• Dance as protest

    NPR’s Scott Simon presented a commentary this morning about a planned meet-up/protest today at the Jefferson Memorial.  Today’s event follows an appeals court ruling in May that upheld the National Park Service’s arrest of a woman and her friends in 2008.  They were arrested for silently dancing at the Jefferson Memorial in celebration of Jefferson’s birthday; the arrest was on the grounds that dancing was at odds with the “atmosphere of solemn commemoration” around the national monuments.  Today’s meet-up invites people to bring earbuds and, again, dance silently.

    Scott Simon referenced the movie Footloose in his commentary and called John Lithgow, who played the anti-dancing minister in the movie.  Lithgow commented that the meet-up would be a flash mob: “An almost meditative moment passing as a great party. It may be a spectacle, but that’s an act of creation.”  What a great definition of what dancing is about in general.  Dancing takes the meditation of lessons (formal, informal, whatever) and daily practice (also formal, informal, or whatever) and displays the fruits of that labor in a moment of spectacle.  And that’s not necessarily at odds with solemn commemoration, either.

    I understand what the Park Service was trying to do, but I respectfully suggest–as did Mr. Simon, in a different way–that when they arrested the original dancers, they did so out of a limited understanding of dance and what it can communicate.  Dancing can be celebratory; it can be sexual; it can be disruptive.  It can also be respectful, honorary, worshipful, solemn, elegant, and elegiac (and a bunch of other things).  As someone who typically values the life of the mind over the fetishization of the body, I am not always at ease with the overtly sexual and celebratory aspects of dance myself–but that’s got more to do with me than with the nature of dance.  I love the idea that dance can communicate complex messages in complex ways and in unexpected places, and maybe bridge some divides in the process.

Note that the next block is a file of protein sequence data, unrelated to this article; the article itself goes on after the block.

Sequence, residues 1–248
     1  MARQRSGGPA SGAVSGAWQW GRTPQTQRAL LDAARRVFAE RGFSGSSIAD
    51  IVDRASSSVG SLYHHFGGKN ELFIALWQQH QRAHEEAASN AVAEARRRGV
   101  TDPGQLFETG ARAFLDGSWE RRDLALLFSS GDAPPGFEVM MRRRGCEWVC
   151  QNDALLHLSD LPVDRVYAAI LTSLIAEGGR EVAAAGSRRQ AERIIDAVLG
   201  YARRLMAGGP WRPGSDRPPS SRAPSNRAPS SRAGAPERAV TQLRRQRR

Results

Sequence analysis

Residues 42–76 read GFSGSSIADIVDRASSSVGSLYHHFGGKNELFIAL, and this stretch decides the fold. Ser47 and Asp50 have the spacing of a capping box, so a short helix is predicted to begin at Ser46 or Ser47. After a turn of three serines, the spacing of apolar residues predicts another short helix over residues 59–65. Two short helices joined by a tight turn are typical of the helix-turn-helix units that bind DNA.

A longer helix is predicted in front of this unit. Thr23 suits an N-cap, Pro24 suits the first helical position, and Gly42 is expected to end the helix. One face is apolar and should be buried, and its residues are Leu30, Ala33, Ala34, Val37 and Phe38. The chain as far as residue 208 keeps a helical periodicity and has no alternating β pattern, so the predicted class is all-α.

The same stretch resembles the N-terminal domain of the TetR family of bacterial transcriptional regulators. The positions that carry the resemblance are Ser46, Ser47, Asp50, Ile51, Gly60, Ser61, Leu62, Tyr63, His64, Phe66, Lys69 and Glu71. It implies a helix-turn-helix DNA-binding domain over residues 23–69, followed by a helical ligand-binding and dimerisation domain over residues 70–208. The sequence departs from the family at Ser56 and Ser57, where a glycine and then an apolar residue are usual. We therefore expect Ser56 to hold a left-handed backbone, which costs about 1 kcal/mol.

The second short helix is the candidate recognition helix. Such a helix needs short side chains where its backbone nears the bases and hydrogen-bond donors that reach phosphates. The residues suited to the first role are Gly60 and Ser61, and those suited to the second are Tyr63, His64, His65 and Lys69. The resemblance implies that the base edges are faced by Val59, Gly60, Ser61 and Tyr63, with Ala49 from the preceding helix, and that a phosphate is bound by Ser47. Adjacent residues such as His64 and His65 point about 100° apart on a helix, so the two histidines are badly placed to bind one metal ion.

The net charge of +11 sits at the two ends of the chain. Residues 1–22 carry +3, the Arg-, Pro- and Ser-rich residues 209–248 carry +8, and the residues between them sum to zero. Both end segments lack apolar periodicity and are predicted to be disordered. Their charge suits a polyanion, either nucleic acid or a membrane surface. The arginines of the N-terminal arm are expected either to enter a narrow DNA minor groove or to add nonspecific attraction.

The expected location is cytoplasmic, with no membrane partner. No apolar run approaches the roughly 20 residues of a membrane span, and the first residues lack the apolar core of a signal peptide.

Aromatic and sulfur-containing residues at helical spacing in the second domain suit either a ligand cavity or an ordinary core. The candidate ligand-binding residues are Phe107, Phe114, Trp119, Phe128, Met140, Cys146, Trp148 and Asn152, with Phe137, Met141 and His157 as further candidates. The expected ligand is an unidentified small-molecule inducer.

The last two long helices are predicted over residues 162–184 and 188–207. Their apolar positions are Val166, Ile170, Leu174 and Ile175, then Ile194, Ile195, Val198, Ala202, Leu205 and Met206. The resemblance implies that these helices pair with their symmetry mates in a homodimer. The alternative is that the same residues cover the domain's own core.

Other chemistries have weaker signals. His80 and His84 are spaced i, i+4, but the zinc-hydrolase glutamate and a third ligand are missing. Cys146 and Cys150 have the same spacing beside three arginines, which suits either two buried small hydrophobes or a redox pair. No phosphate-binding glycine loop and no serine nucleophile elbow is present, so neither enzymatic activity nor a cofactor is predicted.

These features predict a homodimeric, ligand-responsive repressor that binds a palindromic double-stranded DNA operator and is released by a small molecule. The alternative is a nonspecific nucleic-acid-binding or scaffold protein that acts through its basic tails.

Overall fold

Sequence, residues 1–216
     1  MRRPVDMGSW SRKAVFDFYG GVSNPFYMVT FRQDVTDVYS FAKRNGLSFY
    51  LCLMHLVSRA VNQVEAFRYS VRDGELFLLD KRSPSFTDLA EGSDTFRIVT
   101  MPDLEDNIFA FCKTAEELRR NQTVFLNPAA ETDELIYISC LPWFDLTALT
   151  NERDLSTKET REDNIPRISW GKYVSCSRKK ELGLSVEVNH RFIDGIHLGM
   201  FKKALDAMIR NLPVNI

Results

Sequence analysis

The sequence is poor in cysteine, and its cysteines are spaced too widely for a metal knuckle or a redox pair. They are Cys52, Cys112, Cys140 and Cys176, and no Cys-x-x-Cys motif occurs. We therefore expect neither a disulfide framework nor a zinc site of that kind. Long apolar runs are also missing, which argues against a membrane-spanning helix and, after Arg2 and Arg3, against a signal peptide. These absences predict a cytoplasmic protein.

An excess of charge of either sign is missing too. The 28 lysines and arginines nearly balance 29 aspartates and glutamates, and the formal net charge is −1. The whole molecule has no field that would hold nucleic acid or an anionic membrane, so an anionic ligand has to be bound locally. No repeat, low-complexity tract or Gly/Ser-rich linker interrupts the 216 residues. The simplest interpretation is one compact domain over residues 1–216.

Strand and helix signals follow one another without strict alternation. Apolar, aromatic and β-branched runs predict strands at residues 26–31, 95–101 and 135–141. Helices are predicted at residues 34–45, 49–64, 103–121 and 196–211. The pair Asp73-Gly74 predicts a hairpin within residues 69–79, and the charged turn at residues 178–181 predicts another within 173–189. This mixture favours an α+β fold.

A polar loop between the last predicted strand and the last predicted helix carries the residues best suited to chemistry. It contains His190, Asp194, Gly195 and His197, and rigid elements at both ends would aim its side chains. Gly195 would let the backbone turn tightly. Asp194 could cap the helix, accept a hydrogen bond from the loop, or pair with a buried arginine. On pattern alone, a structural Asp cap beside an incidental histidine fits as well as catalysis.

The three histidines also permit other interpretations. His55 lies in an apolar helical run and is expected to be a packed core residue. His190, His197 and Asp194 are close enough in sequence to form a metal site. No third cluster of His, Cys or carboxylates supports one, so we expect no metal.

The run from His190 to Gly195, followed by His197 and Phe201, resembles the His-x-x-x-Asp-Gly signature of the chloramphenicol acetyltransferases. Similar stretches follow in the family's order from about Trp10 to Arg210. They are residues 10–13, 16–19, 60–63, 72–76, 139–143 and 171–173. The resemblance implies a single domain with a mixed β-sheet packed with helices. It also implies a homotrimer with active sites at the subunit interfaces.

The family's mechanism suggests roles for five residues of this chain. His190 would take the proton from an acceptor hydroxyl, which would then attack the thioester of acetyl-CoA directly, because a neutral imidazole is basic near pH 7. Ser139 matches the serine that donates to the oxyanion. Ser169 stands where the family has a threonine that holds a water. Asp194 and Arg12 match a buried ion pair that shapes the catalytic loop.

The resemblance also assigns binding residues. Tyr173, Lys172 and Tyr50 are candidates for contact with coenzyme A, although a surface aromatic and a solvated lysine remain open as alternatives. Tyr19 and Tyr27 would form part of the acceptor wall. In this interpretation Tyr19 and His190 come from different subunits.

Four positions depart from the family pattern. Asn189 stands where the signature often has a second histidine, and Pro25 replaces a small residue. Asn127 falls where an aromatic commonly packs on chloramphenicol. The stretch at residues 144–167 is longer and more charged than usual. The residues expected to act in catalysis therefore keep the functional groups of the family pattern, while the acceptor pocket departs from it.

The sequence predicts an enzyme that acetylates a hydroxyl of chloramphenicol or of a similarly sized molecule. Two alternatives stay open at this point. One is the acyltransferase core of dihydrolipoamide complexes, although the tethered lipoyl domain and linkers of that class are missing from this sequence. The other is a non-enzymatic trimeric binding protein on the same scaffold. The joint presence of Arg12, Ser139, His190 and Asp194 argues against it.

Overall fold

The arrest of the original dancers is a stark reminder of how much courage it takes to dance in public in any context: leaving your friends along the gymnasium wall at your junior prom and getting out on the floor, or trying out some moves at a nightclub, or taking a class, or performing for an audience.  Yesterday at dress rehearsal we heard a tiny girl, lining up to go onstage, say to her mother “I’m so scared.”  She wasn’t hysterical; she wasn’t crying; she wasn’t trying to run or throw a tantrum.  She was standing perfectly still and wide-eyed, confronting what she was about to do.  Performing is an amazing high and a huge accomplishment, purchased at the cost of a big personal risk.  What could be more intimate than moving your body in front of an audience, trying to communicate through your movements?  I wouldn’t go so far as to suggest that our dance recital today, or our competitions, or our lessons & classes, are political acts. But I salute everybody who’s willing to take the risk, overcome their fear, and get out there, wherever “out there” may be.  Merde to our dancers and to the crew at the Jefferson Memorial.

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